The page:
So far in this chapter, we have limited our use of categorical variables to binary categorical variables. Specifically, we have limited ourselves to dummy variables which take a value of `0`

or `1`

and represent a categorical variable numerically.

We will now discuss **factor** variables, which is a special way that `R`

deals with categorical variables. With factor variables, a human user can simply think about the categories of a variable, and `R`

will take care of the necessary dummy variables without any 0/1 assignment being done by the user.

`## [1] FALSE`

Earlier when we used the `domestic`

variable, it was **not** a factor variable. It was simply a numerical variable that only took two possible values, `1`

for domestic, and `0`

for foreign. Let’s create a new variable `origin`

that stores the same information, but in a different way.

```
autompg$origin[autompg$domestic == 1] = "domestic"
autompg$origin[autompg$domestic == 0] = "foreign"
head(autompg$origin)
```

`## [1] "domestic" "domestic" "domestic" "domestic" "domestic" "domestic"`

Now the `origin`

variable stores `"domestic"`

for domestic cars and `"foreign"`

for foreign cars.

`## [1] FALSE`

However, this is simply a vector of character values. A vector of car models is a character variable in `R`

. A vector of Vehicle Identification Numbers (VINs) is a character variable as well. But those don’t represent a short list of levels that might influence a response variable. We will want to **coerce** this origin variable to be something more: a factor variable.

Now when we check the structure of the `autompg`

dataset, we see that `origin`

is a factor variable.

```
## 'data.frame': 383 obs. of 9 variables:
## $ mpg : num 18 15 18 16 17 15 14 14 14 15 ...
## $ cyl : Factor w/ 3 levels "4","6","8": 3 3 3 3 3 3 3 3 3 3 ...
## $ disp : num 307 350 318 304 302 429 454 440 455 390 ...
## $ hp : num 130 165 150 150 140 198 220 215 225 190 ...
## $ wt : num 3504 3693 3436 3433 3449 ...
## $ acc : num 12 11.5 11 12 10.5 10 9 8.5 10 8.5 ...
## $ year : int 70 70 70 70 70 70 70 70 70 70 ...
## $ origin : Factor w/ 2 levels "domestic","foreign": 1 1 1 1 1 1 1 1 1 1 ...
## $ domestic: num 1 1 1 1 1 1 1 1 1 1 ...
```

Factor variables have **levels** which are the possible values (categories) that the variable may take, in this case foreign or domestic.

`## [1] "domestic" "foreign"`

Recall that previously we have fit the model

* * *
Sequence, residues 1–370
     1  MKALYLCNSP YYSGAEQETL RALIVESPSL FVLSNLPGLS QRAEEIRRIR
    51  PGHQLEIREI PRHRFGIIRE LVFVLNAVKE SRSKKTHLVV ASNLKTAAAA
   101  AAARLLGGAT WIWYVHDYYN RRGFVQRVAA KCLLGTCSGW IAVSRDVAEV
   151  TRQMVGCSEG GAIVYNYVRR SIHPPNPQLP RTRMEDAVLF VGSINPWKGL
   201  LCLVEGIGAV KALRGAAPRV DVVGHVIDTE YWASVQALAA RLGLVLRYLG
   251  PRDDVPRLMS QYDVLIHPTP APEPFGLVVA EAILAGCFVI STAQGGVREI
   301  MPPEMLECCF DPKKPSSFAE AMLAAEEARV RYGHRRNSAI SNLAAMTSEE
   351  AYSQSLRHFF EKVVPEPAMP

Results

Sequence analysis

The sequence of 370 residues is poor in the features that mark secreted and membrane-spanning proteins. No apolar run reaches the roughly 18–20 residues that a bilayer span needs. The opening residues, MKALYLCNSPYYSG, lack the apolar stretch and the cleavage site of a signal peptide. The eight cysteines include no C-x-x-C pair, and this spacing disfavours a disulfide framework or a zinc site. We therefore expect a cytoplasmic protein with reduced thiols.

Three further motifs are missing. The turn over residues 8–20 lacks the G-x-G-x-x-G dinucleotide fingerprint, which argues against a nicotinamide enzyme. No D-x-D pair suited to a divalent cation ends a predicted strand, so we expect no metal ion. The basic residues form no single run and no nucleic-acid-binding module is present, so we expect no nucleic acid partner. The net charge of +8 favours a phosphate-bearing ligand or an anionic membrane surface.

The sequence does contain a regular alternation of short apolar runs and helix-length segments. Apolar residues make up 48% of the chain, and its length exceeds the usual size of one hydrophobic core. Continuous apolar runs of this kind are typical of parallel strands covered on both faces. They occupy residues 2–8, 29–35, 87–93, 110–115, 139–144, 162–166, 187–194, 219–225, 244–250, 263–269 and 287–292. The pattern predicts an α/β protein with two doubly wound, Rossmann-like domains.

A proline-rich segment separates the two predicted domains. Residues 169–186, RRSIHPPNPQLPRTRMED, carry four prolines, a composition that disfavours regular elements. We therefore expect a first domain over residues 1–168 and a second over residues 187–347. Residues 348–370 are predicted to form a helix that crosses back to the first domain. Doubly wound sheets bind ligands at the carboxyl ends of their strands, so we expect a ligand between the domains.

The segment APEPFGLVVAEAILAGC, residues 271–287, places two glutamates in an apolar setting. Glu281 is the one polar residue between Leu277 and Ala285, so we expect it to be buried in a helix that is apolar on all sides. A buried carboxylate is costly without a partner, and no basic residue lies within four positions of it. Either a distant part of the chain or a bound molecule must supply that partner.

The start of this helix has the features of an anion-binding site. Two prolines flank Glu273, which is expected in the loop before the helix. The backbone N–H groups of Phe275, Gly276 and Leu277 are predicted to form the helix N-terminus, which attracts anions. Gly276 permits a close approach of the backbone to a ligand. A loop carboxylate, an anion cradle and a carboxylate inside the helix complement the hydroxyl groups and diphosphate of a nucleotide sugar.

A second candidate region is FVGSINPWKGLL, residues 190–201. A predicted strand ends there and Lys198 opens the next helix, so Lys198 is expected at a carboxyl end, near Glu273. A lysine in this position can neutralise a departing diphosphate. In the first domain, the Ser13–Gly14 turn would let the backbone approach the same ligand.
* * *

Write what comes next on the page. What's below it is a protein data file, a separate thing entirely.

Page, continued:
\[ Y = \beta_0 + \beta_1 x_1 + \beta_2 x_2 + \beta_3 x_1 x_2 + \epsilon, \]

where

- \(Y\) is
`mpg`

, the fuel efficiency in miles per gallon, - \(x_1\) is
`disp`

, the displacement in cubic inches, - \(x_2\) is
`domestic`

a dummy variable where`1`

indicates a domestic car.

```
##
## Call:
## lm(formula = mpg ~ disp * domestic, data = autompg)
##
## Coefficients:
## (Intercept) disp domestic disp:domestic
## 46.0548 -0.1569 -12.5755 0.1025
```

So here we see that

\[ \hat{\beta}_0 + \hat{\beta}_2 = 46.0548423 + -12.5754714 = 33.4793709 \]

is the estimated average `mpg`

for a **domestic** car with 0 `disp`

.

Now let’s try to do the same, but using our new factor variable.

```
##
## Call:
## lm(formula = mpg ~ disp * origin, data = autompg)
##
## Coefficients:
## (Intercept) disp originforeign disp:originforeign
## 33.47937 -0.05441 12.57547 -0.10252
```

It seems that it doesn’t produce the same results. Right away we notice that the intercept is different, as is the the coefficient in front of `disp`

. We also notice that the remaining two coefficients are of the same magnitude as their respective counterparts using the domestic variable, but with a different sign. Why is this happening?

It turns out, that by using a factor variable, `R`

is automatically creating a dummy variable for us. However, it is not the dummy variable that we had originally used ourselves.

`R`

is fitting the model

\[ Y = \beta_0 + \beta_1 x_1 + \beta_2 x_2 + \beta_3 x_1 x_2 + \epsilon, \]

where

- \(Y\) is
`mpg`

, the fuel efficiency in miles per gallon, - \(x_1\) is
`disp`

, the displacement in cubic inches, - \(x_2\)